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Residents allowed to return to Vero’s island beaches (sort of)


The sight of island residents this week out walking on our beaches once again was almost reminiscent of the aftermath of a hurricane.  We know the drill.  The storm passes, the power comes back on, the bridges open, we begin the cleanup, and we walk along the sea marveling that we got off so easy – that everything seems pretty much as it did before.

But what worried many longtime residents last week was that the COVID-19 pandemic was more like the storms of 2004, when we were still cleaning up after Hurricane Frances and a couple of weeks later, warnings went up that Hurricane Jeanne was barreling toward Florida’s east coast.

If you were here then, you know that sinking “Oh, no. Not this again” feeling.

It wasn’t over. We were exposed, roofs still covered in blue tarps. Windows shattered. We were in no shape to handle a second major hurricane after being battered by the first.

Knowing that re-opening the economy too hastily could cause a resurgence of coronavirus infections, hospitalizations and deaths is obviously a real concern.

When do we loosen restrictions, re-open businesses and do things like dining out and going to the movies and the mall again? Knowing when it’s really safe, and weighing that against the risk of infecting more people and overwhelming the local healthcare system, is the dilemma here.

On one hand, we are all really weary of staying home.

The social isolation of the same old four walls is wearing on our mental and physical health. And most of us have things we really need to be doing, people depending on us, plans put on hold by the coronavirus. Maybe we desperately need to get back to work, or get our employees back to work – to get customers flowing back in and orders flowing back out.

But going out, even wearing a mask, is still kind of scary.

So how long do we wait? Beaches opened back up this week for limited walking and recreation (but not for picnicking or sunbathing), so that’s a positive sign. But what about everything else?

Dozens of experts and leaders in every major industry spent last week pondering this dilemma via Gov. Ron DeSantis’ Re-Open Florida Task Force. DeSantis said Florida has surpassed the federal hurdles to begin the first phases of re-opening our economy.

“If you look at the gating criteria, and I spoke with Dr. (Deborah) Birx about this this morning, Florida satisfies the gating criteria statewide, even Miami, Palm Beach and Broward,” DeSantis said. “It’s the decline in Influenza-like illness (ILI) activity. It’s the decline in the syndromic surveillance ... it’s the decline in the positive test rate, which we’ve had a really nice decline there, plus making sure the hospitals have enough capacity.”

If you carve South Florida out, DeSantis said, case numbers across the rest of the state have been very low – “lower than anyone would have predicted.”

Still, no major announcements were made as to what would happen as the calendar turns the page from April to May.

There was a lot of talk about allowing elective medical procedures very soon, and state parks might also be re-opening soon on a limited basis after being closed since March 23. County officials, who log into multiple daily conference calls on the coronavirus crisis, have thus far followed state guidance and enforced executive orders.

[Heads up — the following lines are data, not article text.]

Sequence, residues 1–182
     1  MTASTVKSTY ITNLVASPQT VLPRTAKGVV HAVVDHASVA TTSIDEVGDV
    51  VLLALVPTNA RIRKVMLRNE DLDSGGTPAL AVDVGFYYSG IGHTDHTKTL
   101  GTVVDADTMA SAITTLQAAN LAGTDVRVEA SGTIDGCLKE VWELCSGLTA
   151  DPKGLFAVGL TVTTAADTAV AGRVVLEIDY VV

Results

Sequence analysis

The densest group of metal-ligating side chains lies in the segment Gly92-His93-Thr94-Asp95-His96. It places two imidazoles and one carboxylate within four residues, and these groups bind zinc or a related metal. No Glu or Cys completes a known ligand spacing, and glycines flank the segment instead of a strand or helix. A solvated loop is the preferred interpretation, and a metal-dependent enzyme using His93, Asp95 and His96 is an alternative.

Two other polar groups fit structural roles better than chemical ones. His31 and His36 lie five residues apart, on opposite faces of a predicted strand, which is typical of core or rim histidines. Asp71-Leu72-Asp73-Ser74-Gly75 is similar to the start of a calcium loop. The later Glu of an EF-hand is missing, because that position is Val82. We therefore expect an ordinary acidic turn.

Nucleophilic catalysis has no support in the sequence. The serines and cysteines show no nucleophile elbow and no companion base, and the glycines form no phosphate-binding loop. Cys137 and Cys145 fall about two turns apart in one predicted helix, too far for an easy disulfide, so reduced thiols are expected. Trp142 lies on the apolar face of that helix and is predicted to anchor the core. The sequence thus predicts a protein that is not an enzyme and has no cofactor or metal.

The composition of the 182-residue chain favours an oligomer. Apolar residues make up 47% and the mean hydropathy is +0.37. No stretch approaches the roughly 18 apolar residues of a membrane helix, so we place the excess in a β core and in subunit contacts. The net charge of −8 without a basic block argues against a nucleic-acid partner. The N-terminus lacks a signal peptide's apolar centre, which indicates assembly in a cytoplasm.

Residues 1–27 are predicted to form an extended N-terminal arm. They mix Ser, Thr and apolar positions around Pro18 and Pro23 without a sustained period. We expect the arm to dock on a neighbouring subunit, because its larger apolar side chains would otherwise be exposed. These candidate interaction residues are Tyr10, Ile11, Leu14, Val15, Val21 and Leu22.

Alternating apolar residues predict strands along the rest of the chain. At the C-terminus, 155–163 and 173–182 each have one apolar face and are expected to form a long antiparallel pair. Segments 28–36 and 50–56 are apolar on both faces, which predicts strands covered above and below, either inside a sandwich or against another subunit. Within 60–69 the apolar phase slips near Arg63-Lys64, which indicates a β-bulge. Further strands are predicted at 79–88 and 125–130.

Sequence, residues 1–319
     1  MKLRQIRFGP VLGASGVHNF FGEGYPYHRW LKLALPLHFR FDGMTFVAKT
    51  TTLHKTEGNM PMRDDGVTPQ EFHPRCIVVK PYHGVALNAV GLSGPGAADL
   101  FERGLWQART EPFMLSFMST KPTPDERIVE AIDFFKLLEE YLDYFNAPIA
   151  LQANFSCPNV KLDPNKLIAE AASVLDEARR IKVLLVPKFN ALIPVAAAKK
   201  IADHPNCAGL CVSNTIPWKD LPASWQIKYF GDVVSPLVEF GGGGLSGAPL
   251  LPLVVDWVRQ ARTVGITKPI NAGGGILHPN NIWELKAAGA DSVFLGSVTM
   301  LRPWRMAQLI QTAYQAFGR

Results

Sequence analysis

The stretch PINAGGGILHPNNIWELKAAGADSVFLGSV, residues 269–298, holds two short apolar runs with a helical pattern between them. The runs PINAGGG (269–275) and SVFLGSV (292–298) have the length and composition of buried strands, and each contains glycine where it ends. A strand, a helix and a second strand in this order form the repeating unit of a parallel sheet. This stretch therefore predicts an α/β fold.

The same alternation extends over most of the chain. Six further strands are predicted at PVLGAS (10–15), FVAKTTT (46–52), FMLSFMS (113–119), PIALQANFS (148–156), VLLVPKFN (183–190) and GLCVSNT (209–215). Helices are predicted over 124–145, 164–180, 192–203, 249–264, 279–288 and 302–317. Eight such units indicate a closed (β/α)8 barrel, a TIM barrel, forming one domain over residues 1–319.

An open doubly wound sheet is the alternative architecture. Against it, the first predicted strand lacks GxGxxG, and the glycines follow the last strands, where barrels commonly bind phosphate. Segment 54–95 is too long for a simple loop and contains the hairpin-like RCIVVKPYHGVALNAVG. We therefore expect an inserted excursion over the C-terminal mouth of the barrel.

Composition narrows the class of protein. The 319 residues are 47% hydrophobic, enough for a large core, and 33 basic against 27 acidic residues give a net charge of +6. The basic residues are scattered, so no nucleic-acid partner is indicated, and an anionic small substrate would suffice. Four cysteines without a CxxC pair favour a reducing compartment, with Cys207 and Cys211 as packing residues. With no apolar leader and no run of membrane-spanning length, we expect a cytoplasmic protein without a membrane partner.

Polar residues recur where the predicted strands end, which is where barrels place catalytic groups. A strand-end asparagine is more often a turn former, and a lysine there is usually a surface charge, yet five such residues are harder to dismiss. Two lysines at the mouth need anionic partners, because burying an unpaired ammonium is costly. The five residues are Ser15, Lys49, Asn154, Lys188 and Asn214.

“This phase 1 is a baby step, I mean we are deliberately going to be methodical, slow and data-driven on this,” DeSantis said.

One thing that might make residents feel more comfortable about re-opening the economy is an increased level of widespread testing to determine how many people truly have the coronavirus in our community. Indian River County is doing better than our closest neighbor to the south, but there’s still much room for improvement.

In Indian River County as of Monday, one in every 93 people had been tested. St. Lucie County has only tested one in every 105 people. But Brevard County, where virtually all testing criteria has been dropped and anyone can get tested, has tested one in every 72 people and gotten its percentage of positive tests down to a mere 3 percent. Statewide, about one in every 59 people has been tested for the coronavirus.

We know, based upon sound scientific evidence, that asymptomatic people can still spread the disease. But currently, Indian River County is still following the guidance of the Centers for Disease Control and Prevention for testing, meaning a person either needs to have a history of travel, contact with an infected person or flu-like symptoms.

Healthcare workers, first responders can also be tested, but not the general, asymptomatic public. Anyone who feels they meet the criteria to be tested should call the Cleveland Clinic Indian River nurse triage line at 772-226-4846 from 9 a.m. to 5 p.m. daily.

As of press time Monday, the county’s case count sat at 90, with the average day bringing zero, one or two new cases at the most. Current hospitalizations are down to about half of where they were two or three weeks ago. The rate of positive testing for Indian River County is 6 percent, which is also roughly half the percentage of people testing positive a week ago, and well below the state average of 9 percent. That is the good news.

Tragically, five people in their 80s and 90s have died – four of them in a nursing home, placing our death rate at 5.5 percent. By comparison, that death rate is better than New York, but about even with Louisiana and Washington State.

Three senior care facilities – HarborChase of Vero, Palm Garden of Vero and Sonata Assisted Living – have positive cases of the coronavirus, according to state reports. The fact that we’ve had new outbreaks in additional facilities is a reminder that the county’s good-looking statistics could go south very quickly with 25 nursing homes and assisted living facilities in the county.